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Monday, October 28, 2013

Professionals and Social Media Conduct


As a teacher I never discuss my students on Facebook. I don't even friend students. There is a professional boundary here that needs to be upheld.

Imagine a doctor who rants about a patient on Facebook.  That is very unprofessional behavior, and likely to draw heavy criticism, even calls for the doctor's resignation.

Such was the case earlier this year when a 33-year-old obstetrician in New York was fed up with one of her patients. She vented to her 470 friends on her Facebook page: "So I have a patient who has chosen to either no-show or be late (sometimes hours) for all of her prenatal visits, ultrasounds and NSTs. She is now 3 hours late for her induction. May I show up late to her delivery?"

This and similar incidents raise the question: Do professionals need a Code of Ethical Conduct for social media? That topic is addressed in this recent BioEthics article:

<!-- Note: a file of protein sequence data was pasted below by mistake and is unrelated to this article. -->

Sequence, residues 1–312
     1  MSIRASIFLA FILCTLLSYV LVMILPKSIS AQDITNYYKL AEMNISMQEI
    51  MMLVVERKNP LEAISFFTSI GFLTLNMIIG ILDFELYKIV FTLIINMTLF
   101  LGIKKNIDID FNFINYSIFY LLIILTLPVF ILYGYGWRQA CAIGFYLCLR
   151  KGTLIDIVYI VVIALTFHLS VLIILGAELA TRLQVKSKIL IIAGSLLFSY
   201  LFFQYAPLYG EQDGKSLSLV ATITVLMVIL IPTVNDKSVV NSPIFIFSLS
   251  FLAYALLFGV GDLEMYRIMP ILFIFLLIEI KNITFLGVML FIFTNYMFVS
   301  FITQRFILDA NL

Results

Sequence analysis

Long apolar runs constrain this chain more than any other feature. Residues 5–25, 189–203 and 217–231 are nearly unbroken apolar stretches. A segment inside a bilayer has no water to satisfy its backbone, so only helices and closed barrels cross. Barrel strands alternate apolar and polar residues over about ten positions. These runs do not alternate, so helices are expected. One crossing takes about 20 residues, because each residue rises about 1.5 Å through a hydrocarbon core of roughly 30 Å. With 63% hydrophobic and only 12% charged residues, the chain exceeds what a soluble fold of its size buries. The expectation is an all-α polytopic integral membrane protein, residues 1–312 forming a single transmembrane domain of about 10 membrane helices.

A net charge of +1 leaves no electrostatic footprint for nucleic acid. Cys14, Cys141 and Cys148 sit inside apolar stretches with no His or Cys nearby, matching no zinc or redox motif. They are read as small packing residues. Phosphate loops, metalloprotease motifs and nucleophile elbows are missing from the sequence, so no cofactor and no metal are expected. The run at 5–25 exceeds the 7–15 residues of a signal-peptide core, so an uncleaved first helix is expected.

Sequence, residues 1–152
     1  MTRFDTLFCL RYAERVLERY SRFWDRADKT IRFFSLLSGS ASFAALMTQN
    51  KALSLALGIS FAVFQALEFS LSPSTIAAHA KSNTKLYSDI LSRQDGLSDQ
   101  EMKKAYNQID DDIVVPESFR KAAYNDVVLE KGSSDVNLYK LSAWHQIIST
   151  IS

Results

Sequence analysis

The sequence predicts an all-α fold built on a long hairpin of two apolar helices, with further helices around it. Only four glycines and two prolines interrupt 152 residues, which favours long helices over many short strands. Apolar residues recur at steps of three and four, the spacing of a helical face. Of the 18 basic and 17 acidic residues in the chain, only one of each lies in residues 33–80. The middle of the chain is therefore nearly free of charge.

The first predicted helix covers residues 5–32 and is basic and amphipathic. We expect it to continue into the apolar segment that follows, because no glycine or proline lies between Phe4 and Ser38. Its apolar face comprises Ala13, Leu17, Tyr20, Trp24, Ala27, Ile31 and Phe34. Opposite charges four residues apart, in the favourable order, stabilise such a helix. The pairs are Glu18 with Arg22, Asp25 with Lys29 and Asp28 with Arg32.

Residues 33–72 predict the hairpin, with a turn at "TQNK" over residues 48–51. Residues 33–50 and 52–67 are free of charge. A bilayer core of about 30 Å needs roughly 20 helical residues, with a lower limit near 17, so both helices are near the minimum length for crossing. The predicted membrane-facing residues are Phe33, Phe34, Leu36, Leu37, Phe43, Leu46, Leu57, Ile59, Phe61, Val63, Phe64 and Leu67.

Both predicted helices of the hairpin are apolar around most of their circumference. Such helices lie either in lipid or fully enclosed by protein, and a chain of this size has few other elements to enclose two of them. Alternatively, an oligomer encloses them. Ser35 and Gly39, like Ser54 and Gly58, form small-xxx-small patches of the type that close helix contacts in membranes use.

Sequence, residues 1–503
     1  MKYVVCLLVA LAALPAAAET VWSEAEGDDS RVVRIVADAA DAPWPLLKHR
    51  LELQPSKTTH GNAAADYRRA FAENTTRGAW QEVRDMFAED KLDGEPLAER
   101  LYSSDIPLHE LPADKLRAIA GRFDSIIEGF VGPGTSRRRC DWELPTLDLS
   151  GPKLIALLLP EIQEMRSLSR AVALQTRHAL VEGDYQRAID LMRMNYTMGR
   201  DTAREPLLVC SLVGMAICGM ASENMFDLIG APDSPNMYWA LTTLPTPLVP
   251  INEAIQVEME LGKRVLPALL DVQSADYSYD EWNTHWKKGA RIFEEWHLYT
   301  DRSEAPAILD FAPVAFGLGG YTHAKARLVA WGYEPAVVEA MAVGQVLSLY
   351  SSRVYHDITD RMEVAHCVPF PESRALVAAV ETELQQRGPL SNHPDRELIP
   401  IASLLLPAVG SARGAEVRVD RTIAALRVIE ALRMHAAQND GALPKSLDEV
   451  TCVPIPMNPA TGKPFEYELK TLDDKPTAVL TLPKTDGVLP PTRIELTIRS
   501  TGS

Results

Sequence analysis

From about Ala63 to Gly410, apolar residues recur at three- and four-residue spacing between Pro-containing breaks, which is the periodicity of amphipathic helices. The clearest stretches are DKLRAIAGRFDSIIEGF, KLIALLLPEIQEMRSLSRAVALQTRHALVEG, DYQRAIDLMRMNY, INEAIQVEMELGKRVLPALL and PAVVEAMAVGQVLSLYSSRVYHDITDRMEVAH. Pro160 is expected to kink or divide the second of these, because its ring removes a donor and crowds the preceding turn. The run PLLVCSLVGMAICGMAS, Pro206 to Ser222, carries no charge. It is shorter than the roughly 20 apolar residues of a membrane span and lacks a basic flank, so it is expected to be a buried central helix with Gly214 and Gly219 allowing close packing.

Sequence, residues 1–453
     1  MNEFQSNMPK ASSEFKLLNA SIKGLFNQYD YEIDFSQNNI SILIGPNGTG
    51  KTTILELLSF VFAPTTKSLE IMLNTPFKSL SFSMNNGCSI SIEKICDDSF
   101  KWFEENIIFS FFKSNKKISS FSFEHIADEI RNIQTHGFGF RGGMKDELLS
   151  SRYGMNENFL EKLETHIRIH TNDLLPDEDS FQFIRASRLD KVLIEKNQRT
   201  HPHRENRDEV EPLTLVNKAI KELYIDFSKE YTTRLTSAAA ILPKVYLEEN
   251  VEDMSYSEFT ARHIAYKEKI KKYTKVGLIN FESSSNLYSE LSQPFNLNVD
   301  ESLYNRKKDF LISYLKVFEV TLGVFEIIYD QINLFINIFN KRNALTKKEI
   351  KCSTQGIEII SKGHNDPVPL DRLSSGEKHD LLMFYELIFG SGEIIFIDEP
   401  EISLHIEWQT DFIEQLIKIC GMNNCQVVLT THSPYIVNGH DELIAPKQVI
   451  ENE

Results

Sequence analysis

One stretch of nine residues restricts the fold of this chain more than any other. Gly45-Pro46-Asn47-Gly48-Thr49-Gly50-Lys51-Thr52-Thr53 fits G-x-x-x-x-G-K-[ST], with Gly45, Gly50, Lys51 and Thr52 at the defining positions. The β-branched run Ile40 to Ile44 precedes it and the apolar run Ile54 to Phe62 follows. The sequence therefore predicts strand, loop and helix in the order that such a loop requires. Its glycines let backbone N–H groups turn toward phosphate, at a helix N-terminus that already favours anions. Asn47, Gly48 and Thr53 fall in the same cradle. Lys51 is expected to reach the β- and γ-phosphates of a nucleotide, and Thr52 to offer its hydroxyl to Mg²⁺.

An increasing area of concern for bioethicists is doctor's use of social media. Every month more medical boards are releasing Codes of Conduct for practitioners - the latest example is Rhode Island.

In a recent NBC article influential bioethicist Arthur Caplan considered this issue, focusing particularly on the use of social media to verify the truth of patient statements.

Caplan cited a prospective liver transplant recipient who was refused the operation after photos of him intoxicated were discovered on Twitter.

Many see doctors' use of social media as a violation of patient privacy. Others believe it can in some cases be ethically permissible. Caplan argues that any ethical framework needs to preserve doctor-patient trust: "If they are going to continue to trust one another then we need to recalculate existing notions of medical privacy and confidentiality to fit an Internet world where there is not much of either."

There are other concerns that need to be addressed by any adequate social media code of conduct, including the preservation of a professional distance between patients and doctors and the caution of doctors in publishing any details - even vague details - about patients in their practice.


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